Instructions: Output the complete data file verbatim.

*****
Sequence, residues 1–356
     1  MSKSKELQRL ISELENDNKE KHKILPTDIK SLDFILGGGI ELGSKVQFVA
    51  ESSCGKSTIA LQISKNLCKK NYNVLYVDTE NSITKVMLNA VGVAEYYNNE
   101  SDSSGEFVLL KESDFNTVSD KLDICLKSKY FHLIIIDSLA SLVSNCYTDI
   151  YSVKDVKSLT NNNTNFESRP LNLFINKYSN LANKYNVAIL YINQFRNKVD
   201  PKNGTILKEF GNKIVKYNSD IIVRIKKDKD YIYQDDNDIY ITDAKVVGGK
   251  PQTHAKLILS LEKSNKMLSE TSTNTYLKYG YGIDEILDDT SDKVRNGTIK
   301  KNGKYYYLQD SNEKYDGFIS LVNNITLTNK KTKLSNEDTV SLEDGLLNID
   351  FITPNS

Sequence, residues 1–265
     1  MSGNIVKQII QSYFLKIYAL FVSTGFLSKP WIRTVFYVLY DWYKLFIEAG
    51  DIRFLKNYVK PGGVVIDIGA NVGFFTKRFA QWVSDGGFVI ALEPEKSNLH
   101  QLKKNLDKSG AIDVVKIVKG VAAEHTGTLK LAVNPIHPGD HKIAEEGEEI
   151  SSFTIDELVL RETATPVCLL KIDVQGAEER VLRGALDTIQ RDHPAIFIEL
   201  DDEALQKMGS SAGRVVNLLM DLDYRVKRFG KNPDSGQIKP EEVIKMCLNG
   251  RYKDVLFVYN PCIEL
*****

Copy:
Sequence, residues 1–356
     1  MSKSKELQRL ISELENDNKE KHKILPTDIK SLDFILGGGI ELGSKVQFVA
    51  ESSCGKSTIA LQISKNLCKK NYNVLYVDTE NSITKVMLNA VGVAEYYNNE
   101  SDSSGEFVLL KESDFNTVSD KLDICLKSKY FHLIIIDSLA SLVSNCYTDI
   151  YSVKDVKSLT NNNTNFESRP LNLFINKYSN LANKYNVAIL YINQFRNKVD
   201  PKNGTILKEF GNKIVKYNSD IIVRIKKDKD YIYQDDNDIY ITDAKVVGGK
   251  PQTHAKLILS LEKSNKMLSE TSTNTYLKYG YGIDEILDDT SDKVRNGTIK
   301  KNGKYYYLQD SNEKYDGFIS LVNNITLTNK KTKLSNEDTV SLEDGLLNID
   351  FITPNS

Sequence, residues 1–265
     1  MSGNIVKQII QSYFLKIYAL FVSTGFLSKP WIRTVFYVLY DWYKLFIEAG
    51  DIRFLKNYVK PGGVVIDIGA NVGFFTKRFA QWVSDGGFVI ALEPEKSNLH
   101  QLKKNLDKSG AIDVVKIVKG VAAEHTGTLK LAVNPIHPGD HKIAEEGEEI
   151  SSFTIDELVL RETATPVCLL KIDVQGAEER VLRGALDTIQ RDHPAIFIEL
   201  DDEALQKMGS SAGRVVNLLM DLDYRVKRFG KNPDSGQIKP EEVIKMCLNG
   251  RYKDVLFVYN PCIEL